Facix the dog of Asia

Have you ever noticed that if you invert the word ægodÆ you get ædogÆ. Well, in the case of our Facix index this inversion is certainly true.

When we constructed the Finance Asia Composite Internet Index (Facix) at the start of the year, the internet bestrode the investment firmament like a god. Our index began the year at 1000 and saw some heady times. It contains 57 stocks, although the weighting is skewed towards big stocks such as PCCW.

Today, it is a dog – definitely not a god – and heaven help any investor who sought to track it. Today the index is at 172 and is down 83% on the year.

This makes our index easily the worst performing in Asia. The only other index that can touch it is the Kosdaq Composite Index which is down 67% - and has a heavy internet flavour itself. Jakarta is down 49%, Thailand 48% and the Philippines 41%, but truly our index creams them all.

While it is certainly not a source of pride that FinanceAsia’s first attempt at creating an index has proved a monumental dog, it certainly displays that we have a nose for drama, if not investment returns.

Will the Facix ever recover, or has the Asian internet sector finally found fair value?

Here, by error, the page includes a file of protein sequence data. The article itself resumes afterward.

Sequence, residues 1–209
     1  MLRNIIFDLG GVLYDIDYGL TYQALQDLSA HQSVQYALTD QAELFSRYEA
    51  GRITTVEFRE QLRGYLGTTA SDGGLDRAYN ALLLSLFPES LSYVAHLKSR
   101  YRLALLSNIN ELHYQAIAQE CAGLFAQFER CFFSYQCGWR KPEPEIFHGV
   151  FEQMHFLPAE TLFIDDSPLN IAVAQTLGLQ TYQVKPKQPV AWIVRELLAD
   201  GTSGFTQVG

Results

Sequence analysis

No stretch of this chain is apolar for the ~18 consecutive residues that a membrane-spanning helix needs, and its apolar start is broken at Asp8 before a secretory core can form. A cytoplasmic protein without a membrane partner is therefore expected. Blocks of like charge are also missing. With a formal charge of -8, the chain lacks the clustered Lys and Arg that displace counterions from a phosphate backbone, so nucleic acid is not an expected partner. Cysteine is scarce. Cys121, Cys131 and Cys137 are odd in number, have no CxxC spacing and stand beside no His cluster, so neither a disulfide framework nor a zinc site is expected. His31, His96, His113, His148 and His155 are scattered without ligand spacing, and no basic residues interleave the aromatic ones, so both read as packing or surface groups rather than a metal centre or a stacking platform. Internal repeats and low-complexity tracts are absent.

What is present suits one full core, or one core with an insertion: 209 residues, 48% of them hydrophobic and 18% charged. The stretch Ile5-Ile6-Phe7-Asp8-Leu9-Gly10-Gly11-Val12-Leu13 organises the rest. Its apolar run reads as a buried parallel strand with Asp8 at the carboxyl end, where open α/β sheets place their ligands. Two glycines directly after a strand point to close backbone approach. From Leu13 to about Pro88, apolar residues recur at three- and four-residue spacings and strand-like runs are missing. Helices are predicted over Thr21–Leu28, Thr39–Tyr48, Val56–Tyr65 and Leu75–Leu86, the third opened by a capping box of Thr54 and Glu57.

Boom-boom bust

Clearly, the reversal in sentiment towards the internet in Asia is on a scale rarely ever seen. The boom lasted barely six months, and has since burst with a frightening violence.

My own view on this is that the whole thing reflects more on Asia than the internet itself. In the US, the internet was given several years to work through at least two boom-bust cycles.

Here in Asia, the speculative nature of our markets jumped well ahead of any reality. Ignoring the fact the countries such as Thailand only had 3% of the population online, Asia was seeking to emulate a US model with very little of the infrastructure in place.

And when the tech boom crashed in the US, Asia – being the speculative lapdog that it is – aborted its own internet boom in the most premature of manners. Very few good companies could have had the chance to form in such short space of time, and very few did. Can anyone name an Asian equivalent of Yahoo?

Winners and losers

What did form was a whole array of family-controlled vehicles that raked in the cash. And who has lost in the subsequent crash? Not the families. Richard Li got an established telecoms company – Hong Kong Telecom – that he couldn’t even have dreamed of owning a year earlier. The investment banks didn’t lose either. They raked in fees from inflated IPOs.

No, the people that have lost are the retail investors and the more lemming-esque fund managers who bought into the research that put a near-term target on PCCW at HK$35 ($4.49).

These are the people who will look at the performance of our Facix, and know the results are close to home.

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